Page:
As noble metal materials, silver nanoparticles exhibit significantly distinct physical, chemical, and biological properties. Silver nanoparticles have attracted attention in a wide range of application fields [1
]. Their unique properties result from particles on the nanoscale that are monodispersed and unagglomerated.
Nanofluids, dispersed nanoscale particles suspended in a base fluid [5
], have drawn tremendous interest from scientific and industrial communities because of their unique properties. They have been used in many industrial applications such as heat transfer, automotive, electronic, biomedical device manufacturing, and others [6
]. In particular, nanofluids have gained interest as heat transfer fluids. Due to the high thermal conductivity of nanoscale metal particles, metal-nanofluids may significantly enhance thermal transport capabilities. Nanofluids have shown the most promise as coolants because they enhance critical heat flux [CHF] [11
Nanofluids are produced by two methods: a one-step method and a two-step method. The two-step method forms nanoparticles using physical or chemical synthesis techniques and disperses them in basic fluids. The one-step method forms nanoparticles directly in basic fluids [14
]. A promising one-step method, a physical synthesis technique, is the electrical explosion of wires in liquids [EEWL]. EEWL has advantages, such as high-purity nanoparticle production without surfactants (non-toxic), in contrast to chemical techniques, oxidation prevention using dense media, and spherical nanoparticle production. The greatest advantages are simple evaporation and condensation, short production times, and possibility of mass production. The EEWL method has been studied by many researchers. Most previous studies were conducted with various materials under gaseous conditions. Table summarizes previous studies on the EEWL method.
Previous works on electrical explosion of wires
A schematic illustration of the experimental system is shown in Figure . The system consists of a container for liquid media for the explosion process and a simple discharge circuit, which includes a high-voltage power supply, a capacitor, and a spark-gap switch. A metal wire (conductor) was placed in the container filled with the liquids. The capacitor was charged using an applied voltage. The amount of stored energy in the capacitor was W = 0.5CV2, where C is the capacitance and V is the charged voltage. By closing the switch, the current was allowed to flow through the wire. The current deposited the electrical energy in the wire due to its finite resistance. Thus, the wire located between the two electrodes melted, vaporized, and turned into plasma. Finally, nanoparticles were formed by interaction with the liquid. The vaporized particles were condensed more efficiently in the liquid than in ambient air. The basic principle of the method is illustrated in Figure .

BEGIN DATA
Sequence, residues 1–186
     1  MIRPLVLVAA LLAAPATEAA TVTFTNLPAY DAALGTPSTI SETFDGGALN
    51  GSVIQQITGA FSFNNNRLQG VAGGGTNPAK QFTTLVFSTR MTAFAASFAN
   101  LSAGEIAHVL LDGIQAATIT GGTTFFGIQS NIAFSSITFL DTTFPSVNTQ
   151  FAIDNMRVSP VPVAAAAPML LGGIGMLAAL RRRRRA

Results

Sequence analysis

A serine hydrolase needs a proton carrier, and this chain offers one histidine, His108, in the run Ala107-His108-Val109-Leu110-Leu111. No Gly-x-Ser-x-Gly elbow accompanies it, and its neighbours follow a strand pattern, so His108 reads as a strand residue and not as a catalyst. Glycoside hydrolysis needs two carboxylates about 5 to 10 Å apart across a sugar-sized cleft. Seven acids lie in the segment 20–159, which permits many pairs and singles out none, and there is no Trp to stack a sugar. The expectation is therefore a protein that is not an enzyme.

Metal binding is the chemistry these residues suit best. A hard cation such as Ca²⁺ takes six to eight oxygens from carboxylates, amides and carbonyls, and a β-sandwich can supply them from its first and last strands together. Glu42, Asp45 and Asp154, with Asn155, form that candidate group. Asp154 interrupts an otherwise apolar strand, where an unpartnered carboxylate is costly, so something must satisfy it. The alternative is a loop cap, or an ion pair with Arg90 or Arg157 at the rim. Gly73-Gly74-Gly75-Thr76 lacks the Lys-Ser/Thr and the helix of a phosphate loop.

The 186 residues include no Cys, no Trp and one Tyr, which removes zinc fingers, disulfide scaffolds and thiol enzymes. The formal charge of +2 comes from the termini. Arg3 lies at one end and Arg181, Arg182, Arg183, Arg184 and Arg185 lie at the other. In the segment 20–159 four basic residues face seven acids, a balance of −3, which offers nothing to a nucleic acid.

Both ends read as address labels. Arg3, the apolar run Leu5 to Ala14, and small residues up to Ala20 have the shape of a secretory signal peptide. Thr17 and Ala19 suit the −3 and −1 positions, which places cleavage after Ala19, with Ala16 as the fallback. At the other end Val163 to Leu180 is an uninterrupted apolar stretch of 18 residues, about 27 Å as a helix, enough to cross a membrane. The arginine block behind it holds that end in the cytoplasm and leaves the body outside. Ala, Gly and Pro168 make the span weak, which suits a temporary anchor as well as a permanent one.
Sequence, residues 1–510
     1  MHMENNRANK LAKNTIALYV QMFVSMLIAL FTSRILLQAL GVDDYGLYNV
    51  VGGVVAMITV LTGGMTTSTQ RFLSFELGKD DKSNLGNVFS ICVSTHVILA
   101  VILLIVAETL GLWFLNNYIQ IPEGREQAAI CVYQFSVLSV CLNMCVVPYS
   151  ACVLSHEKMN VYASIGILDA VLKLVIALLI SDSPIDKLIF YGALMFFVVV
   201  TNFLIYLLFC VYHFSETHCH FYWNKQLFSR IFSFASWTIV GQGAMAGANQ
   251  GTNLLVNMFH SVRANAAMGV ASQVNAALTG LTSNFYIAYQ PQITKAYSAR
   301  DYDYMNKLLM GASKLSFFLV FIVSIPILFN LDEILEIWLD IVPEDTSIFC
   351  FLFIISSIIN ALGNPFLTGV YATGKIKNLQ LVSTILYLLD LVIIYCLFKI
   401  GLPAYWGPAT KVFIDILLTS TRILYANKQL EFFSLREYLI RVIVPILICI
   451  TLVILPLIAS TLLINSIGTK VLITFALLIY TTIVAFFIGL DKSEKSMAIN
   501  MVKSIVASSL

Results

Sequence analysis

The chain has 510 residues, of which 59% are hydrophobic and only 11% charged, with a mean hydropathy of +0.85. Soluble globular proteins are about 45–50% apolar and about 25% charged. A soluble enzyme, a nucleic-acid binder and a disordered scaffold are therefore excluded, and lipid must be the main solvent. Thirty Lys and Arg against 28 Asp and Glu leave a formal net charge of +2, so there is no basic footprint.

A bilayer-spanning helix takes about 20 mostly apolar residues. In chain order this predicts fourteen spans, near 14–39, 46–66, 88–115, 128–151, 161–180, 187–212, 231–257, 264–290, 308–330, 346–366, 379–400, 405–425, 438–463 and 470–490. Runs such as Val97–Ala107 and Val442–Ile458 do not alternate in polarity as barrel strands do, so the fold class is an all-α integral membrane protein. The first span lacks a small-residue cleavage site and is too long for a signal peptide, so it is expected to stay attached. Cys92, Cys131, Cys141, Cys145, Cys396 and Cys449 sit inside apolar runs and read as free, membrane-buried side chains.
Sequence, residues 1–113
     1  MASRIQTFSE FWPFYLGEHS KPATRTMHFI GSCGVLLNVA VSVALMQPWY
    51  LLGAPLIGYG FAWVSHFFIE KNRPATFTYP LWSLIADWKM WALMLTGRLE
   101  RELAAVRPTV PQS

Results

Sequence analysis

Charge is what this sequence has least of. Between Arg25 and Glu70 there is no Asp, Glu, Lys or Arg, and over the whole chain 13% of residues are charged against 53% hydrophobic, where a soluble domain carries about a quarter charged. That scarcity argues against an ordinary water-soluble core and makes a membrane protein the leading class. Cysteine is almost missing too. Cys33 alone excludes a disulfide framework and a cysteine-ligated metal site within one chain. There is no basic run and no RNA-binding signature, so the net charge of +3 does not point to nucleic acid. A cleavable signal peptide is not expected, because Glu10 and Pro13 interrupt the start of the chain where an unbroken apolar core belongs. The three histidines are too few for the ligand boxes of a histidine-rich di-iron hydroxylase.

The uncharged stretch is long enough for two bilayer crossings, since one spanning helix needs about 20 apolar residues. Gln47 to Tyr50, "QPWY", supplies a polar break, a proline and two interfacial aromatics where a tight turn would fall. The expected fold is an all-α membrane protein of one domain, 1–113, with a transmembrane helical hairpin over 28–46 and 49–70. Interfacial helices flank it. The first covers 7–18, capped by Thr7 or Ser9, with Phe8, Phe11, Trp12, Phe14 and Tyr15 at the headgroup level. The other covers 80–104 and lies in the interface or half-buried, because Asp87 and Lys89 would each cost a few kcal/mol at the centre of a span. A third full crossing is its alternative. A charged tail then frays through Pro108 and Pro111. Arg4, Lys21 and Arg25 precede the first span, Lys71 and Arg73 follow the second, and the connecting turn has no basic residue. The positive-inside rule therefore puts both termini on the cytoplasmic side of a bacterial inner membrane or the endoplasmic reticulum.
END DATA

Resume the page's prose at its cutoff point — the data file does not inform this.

Schematic diagram of the experimental system for the EEWL process.
Production principles for nanoparticles produced by EEWL.
Although the formation of nanoparticles by EEWL is complex, including melting, vaporization, and condensation, it can be explained based on the energy deposited in the wire. In the EEWL process, the energy deposited in the wire can be calculated by time integration using the measured voltage and current waveform of the power dissipated in the wire according to the following equation:
where W is the energy deposited in the wire, v is the voltage, and i(τ) is the time integration.
Parameters that can influence the properties of particles synthesized by EEWL include electrical circuit parameters (voltage, capacitance, inductance); the amount of energy deposited in the wire; the properties of the exploding wire (diameter, length, defects); sublimation of the metal; and properties of the liquid (viscosity, thermal conductivity, breakdown strength).
In this study, we produced and characterized pure Ag nanofluids by EEWL. We examined the energy deposition in the wire under various conditions and focused on controlled particle size and stability. To identify the effects of key parameters in EEWL, we designed the experiments using Minitab and observed the Ag particle size, morphology, and dispersibility in nanofluids. For applications such as cooling system for electronics and nuclear reactors, it is important to increase the CHF. Thus, to determine potential for increased CHF, we used the pool boiling test of the Ag nanofluids. Finally, to decrease the particle size and improve the dispersibility of Ag nanofluids, we optimized the processing parameters for EEWL using a response optimization technique [ROT].